Compare any two graphics cards:
Radeon HD 6870 vs Radeon HD 7790
IntroThe Radeon HD 6870 uses a 40 nm design. AMD has set the core frequency at 900 MHz. The GDDR5 memory runs at a frequency of 1050 MHz on this card. It features 1120 SPUs as well as 56 TAUs and 32 Rasterization Operator Units.
Compare those specs to the Radeon HD 7790, which features a core clock speed of 1000 MHz and a GDDR5 memory frequency of 1500 MHz. It also makes use of a 128-bit bus, and makes use of a 28 nm design. It is made up of 896 SPUs, 56 Texture Address Units, and 16 ROPs.
Power Usage and Theoretical Benchmarks
Power Consumption (Max TDP)
In theory, the Radeon HD 6870 is 40% faster than the Radeon HD 7790 overall, because of its greater bandwidth. (explain)
Texel RateThe Radeon HD 7790 should be a little bit (approximately 11%) better at AF than the Radeon HD 6870. (explain)
Pixel RateIf using a high screen resolution is important to you, then the Radeon HD 6870 is the winner, by far. (explain)
Please note that the above 'benchmarks' are all just theoretical - the results were calculated based on the card's specifications, and real-world performance may (and probably will) vary at least a bit.
Please note that the price comparisons are based on search keywords - sometimes it might show cards with very similar names that are not exactly the same as the one chosen in the comparison. We do try to filter out the wrong results as best we can, though.
Memory Bandwidth: Memory bandwidth is the maximum amount of data (counted in megabytes per second) that can be transferred across the external memory interface in one second. It is calculated by multiplying the bus width by its memory clock speed. If it uses DDR type memory, the result should be multiplied by 2 once again. If it uses DDR5, multiply by 4 instead. The better the card's memory bandwidth, the better the card will be in general. It especially helps with AA, High Dynamic Range and higher screen resolutions.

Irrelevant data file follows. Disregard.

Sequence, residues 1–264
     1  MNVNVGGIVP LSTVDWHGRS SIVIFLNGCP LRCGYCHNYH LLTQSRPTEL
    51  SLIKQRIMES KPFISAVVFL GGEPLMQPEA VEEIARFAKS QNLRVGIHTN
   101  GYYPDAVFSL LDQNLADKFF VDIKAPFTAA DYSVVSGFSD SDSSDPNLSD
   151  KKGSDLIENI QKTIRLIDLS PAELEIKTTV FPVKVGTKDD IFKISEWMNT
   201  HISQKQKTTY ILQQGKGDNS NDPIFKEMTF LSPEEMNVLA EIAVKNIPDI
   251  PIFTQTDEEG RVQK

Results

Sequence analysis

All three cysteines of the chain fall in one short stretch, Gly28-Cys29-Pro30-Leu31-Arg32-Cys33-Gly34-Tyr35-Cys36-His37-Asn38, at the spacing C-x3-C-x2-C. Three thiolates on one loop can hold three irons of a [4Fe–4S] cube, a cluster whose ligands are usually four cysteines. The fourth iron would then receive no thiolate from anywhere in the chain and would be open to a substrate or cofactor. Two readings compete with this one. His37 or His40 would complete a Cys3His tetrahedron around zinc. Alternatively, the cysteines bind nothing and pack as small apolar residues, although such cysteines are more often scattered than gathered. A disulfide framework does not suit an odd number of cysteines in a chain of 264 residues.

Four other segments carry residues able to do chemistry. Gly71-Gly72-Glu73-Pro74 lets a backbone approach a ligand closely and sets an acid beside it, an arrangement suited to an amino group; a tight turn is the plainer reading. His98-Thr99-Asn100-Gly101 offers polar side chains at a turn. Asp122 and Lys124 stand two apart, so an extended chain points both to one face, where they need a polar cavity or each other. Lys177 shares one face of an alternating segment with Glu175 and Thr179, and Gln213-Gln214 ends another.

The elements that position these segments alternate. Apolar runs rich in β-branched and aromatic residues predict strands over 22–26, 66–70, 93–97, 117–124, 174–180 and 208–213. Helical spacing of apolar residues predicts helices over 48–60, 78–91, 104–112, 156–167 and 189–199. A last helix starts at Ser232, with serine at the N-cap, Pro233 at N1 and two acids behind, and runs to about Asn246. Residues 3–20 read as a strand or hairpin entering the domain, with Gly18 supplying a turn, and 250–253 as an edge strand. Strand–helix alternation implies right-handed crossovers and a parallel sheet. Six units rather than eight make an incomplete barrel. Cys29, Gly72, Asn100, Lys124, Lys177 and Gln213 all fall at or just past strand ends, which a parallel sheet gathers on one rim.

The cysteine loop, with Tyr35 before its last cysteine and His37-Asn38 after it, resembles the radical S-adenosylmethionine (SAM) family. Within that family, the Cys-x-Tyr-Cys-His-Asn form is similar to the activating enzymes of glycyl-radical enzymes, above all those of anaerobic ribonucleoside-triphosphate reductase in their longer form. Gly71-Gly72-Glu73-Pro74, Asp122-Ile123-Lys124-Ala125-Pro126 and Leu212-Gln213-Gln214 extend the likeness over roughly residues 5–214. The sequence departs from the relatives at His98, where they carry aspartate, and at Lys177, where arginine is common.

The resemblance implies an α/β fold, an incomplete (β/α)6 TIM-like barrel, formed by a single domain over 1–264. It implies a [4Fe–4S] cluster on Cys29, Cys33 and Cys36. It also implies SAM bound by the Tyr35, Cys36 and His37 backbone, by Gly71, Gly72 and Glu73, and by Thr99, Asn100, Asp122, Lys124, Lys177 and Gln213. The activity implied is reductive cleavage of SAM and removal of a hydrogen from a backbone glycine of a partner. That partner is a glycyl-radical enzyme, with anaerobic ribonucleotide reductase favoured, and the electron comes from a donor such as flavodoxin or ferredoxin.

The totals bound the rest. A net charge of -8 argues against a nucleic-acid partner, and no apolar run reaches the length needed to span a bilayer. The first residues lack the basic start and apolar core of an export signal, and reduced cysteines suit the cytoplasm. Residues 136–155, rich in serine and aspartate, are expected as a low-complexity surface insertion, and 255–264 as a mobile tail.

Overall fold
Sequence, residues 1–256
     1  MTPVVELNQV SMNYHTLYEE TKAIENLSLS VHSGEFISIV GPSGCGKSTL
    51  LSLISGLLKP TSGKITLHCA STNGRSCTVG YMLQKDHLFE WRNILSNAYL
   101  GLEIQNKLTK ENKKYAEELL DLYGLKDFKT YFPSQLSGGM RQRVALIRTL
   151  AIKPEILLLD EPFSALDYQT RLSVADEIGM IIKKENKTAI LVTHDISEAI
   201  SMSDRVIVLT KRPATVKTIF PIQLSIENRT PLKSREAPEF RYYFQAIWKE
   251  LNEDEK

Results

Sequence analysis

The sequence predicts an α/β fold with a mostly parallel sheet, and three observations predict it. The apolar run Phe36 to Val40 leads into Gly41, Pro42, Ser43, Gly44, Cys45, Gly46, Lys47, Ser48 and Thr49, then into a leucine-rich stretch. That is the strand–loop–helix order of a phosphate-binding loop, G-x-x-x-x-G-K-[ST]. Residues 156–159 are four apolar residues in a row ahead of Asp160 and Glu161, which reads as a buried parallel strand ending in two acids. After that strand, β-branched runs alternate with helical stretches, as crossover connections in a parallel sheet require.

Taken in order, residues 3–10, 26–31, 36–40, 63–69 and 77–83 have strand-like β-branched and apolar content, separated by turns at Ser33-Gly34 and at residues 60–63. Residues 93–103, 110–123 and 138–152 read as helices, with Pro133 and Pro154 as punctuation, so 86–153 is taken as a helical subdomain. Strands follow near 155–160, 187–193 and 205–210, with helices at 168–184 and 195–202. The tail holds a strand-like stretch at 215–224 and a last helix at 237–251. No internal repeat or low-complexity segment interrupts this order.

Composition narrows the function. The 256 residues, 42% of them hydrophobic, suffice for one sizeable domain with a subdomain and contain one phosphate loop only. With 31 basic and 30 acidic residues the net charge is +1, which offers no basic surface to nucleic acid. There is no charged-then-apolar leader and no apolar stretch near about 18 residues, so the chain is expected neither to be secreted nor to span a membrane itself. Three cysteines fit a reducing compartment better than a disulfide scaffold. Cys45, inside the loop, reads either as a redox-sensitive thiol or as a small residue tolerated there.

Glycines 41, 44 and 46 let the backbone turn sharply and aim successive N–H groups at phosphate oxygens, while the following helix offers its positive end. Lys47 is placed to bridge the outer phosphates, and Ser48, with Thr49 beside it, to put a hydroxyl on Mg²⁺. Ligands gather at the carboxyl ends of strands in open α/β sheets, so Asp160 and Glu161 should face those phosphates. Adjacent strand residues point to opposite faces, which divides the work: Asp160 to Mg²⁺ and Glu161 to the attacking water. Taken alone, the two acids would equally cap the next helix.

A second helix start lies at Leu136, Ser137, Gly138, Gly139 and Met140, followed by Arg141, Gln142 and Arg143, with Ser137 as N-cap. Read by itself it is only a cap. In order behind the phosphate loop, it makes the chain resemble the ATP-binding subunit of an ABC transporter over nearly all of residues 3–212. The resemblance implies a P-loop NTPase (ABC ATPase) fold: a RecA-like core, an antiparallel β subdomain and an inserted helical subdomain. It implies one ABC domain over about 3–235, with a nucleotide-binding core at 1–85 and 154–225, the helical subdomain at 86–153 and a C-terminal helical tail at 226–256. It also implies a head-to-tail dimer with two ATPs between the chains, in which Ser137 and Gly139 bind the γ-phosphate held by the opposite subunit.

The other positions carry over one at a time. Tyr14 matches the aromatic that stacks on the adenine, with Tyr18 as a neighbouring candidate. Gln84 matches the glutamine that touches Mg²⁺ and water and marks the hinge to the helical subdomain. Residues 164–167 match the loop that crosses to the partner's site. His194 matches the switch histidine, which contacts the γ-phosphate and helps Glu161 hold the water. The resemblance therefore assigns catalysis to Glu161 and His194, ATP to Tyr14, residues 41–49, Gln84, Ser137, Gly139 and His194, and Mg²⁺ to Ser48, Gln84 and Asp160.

Texel Rate: Texel rate is the maximum number of texture map elements (texels) that are applied per second. This is calculated by multiplying the total number of texture units of the card by the core speed of the chip. The higher this number, the better the graphics card will be at handling texture filtering (anisotropic filtering - AF). It is measured in millions of texels per second.
Pixel Rate: Pixel rate is the maximum number of pixels the graphics card can possibly record to its local memory in a second - measured in millions of pixels per second. Pixel rate is calculated by multiplying the number of colour ROPs by the the core clock speed. ROPs (Raster Operations Pipelines - sometimes also referred to as Render Output Units) are responsible for outputting the pixels (image) to the screen. The actual pixel rate is also dependant on quite a few other factors, especially the memory bandwidth of the card - the lower the memory bandwidth is, the lower the ability to get to the maximum fill rate.